Future School of Architectures
"It's easy to sit in at a desk and draw up your fantasy world (like di-arc?)...it's much harder to work with others to craft an environment of inclusivity and compromise."
Future School of Ironies, right?
just face the fact that (architectural) education is now something bought, thus be smart and 'design' the best product. Personally, I'd buy low pulp plus calcium whatever brand is on sale.

2007.11.21 11:32
Complex Iconography and Contradictory Content in Architecture
[J. B.,
Thanks for the quick response, and 'oh well' and 'that's OK'. Don't put me down for #24. I learned something (again)--if I want to write about something or 'pick' something I'll just do, without the 'frame' of editorship (which is what I felt all along). It seems that my asking [after first being asked and declining] to be guest editor, regardless of the answer, ended the discussion evenly.
Two news items from yesterday interest me, and I'll write about them later today within a thread I started well over a year ago. It's more fitting I write today too, because it's Quondam's 11th anniversary.
What I meant by "Too bad this is a private email discussion" is that I would have preferred the discussion to have been within the archinect forum. I've always felt open forums suffer when......]
Lupercale Found
Digging into Jerusalem
...about two 8th century BC events.
Ah! Romulus and Remus, real brothers metabolic. It’s said their father was a god and their mother a raped virgin. They say the father of Jesus was God and his mother an unraped virgin.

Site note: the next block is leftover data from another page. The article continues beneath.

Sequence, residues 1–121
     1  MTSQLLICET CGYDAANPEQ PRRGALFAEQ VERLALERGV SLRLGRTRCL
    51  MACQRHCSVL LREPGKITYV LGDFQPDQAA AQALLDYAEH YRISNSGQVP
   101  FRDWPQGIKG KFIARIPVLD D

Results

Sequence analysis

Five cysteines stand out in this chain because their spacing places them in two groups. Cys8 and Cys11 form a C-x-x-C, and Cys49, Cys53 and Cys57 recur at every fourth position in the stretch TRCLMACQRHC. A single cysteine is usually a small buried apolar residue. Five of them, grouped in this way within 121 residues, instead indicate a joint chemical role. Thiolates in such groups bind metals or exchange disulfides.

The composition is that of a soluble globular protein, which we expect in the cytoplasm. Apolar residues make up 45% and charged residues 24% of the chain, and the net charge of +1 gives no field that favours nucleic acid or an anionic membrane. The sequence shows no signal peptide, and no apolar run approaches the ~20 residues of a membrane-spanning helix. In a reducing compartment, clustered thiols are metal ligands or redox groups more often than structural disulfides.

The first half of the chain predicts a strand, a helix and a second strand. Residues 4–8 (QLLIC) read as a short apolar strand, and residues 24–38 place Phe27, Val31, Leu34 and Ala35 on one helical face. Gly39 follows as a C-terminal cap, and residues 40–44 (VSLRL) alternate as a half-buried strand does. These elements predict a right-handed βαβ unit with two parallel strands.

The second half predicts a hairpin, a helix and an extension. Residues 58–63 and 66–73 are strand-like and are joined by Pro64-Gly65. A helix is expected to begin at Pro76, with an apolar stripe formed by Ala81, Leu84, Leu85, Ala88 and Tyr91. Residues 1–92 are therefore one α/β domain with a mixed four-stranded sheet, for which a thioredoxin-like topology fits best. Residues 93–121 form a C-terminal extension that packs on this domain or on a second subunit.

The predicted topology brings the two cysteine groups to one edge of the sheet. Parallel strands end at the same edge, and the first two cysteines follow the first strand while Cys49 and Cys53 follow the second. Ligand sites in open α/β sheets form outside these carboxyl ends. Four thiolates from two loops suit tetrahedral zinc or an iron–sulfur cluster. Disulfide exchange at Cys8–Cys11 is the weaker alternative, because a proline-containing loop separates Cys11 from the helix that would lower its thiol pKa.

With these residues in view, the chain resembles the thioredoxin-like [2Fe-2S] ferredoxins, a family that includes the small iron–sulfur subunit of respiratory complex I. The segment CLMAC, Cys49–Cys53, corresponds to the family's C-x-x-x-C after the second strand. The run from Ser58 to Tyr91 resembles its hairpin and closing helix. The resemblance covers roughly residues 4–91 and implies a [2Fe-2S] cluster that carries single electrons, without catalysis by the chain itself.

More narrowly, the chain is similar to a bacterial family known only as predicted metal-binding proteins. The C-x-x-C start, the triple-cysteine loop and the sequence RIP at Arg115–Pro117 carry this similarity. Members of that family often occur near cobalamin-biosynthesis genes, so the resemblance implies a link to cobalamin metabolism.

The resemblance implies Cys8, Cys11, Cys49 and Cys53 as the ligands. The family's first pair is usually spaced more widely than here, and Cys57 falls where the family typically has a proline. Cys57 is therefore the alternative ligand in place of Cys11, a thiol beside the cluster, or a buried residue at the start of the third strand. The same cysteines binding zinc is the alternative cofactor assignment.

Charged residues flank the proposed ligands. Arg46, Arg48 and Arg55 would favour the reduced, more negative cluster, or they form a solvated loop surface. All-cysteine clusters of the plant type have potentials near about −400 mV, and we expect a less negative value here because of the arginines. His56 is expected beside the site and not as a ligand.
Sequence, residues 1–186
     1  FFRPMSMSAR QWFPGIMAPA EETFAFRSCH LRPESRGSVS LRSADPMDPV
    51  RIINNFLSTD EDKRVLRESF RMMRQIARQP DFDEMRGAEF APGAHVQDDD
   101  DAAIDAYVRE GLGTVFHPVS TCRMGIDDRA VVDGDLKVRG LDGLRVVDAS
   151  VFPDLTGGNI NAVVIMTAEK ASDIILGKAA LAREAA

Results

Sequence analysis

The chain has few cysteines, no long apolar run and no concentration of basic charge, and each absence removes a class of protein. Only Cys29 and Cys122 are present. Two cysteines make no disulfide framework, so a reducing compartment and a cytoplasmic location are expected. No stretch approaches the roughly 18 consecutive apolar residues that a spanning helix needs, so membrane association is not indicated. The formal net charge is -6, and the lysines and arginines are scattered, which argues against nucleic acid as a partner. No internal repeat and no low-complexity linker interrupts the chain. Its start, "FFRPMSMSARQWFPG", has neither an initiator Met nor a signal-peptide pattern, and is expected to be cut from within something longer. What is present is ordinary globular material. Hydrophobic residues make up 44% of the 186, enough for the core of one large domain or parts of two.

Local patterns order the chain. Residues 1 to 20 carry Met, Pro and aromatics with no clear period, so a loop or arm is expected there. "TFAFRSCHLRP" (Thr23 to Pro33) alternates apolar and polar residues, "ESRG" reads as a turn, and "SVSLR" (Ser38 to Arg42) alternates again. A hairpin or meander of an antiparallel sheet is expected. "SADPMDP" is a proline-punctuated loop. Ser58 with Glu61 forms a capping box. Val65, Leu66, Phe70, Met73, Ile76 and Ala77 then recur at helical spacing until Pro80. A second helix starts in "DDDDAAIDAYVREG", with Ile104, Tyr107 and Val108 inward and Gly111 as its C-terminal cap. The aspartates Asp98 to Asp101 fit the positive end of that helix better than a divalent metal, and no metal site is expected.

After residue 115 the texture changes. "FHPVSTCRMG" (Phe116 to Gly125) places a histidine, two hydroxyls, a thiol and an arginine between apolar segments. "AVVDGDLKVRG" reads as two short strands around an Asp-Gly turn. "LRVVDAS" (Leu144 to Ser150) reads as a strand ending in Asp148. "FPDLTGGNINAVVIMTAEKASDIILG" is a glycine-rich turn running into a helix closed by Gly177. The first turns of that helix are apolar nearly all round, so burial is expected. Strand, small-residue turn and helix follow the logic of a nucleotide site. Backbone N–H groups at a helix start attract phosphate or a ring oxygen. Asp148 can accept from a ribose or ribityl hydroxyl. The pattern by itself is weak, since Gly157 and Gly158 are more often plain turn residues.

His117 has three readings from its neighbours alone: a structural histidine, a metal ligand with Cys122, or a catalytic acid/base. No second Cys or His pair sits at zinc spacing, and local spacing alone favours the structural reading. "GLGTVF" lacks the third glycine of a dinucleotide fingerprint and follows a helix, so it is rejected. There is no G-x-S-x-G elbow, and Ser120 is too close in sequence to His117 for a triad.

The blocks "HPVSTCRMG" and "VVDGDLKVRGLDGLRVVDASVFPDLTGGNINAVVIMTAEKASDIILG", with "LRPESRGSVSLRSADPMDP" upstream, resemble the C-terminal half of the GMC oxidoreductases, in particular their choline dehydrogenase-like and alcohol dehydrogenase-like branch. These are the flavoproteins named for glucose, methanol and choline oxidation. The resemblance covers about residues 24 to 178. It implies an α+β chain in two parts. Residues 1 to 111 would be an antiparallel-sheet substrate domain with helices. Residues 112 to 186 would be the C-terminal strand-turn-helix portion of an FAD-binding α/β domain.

To: lt-antiq
Subject: Re: Bib. for Cyrillona’s Mariology? Date: 2003.08.09 13:32
Thank you for the Graef citation. If Graef does indeed confuse Immaculate Conception with Annunciation/Incarnation, then this is one more example where such a mistake is made within modern scholarship. I have become very intolerant of this mistake after finding it several times within contemporary architectural theory texts. I even see this presence of misinformation compounded because it implicates not only authors, but editors/review peerage as well. This mistake needs broad/public attention within the realm of scholarship simply to cease the perpetuation of its existence.
It is the Annunciation, as reported by Luke 1:26-38, where a series of events are clearly described.
1. (26) The angel Gabriel is sent by God to Nazareth. The presence of an angel already constitutes a miraculous event, a theophany.
2. (27) The angel is sent to a betrothed virgin named Mary. Here Scripture clearly states that Mary is a virgin and that she is promised in marriage to Joseph.
3. (28) In greeting, Gabriel exalts Mary; "the Lord is with thee" reiterates the theophany, thus Mary's being "full of grace" and "Blessed among women" is Divinely sanctioned.
4. (29) Mary is troubled by such a greeting, signifying her overall innocence in this situation.
5. (30) Gabriel assures Mary of her safety within the theophany taking place.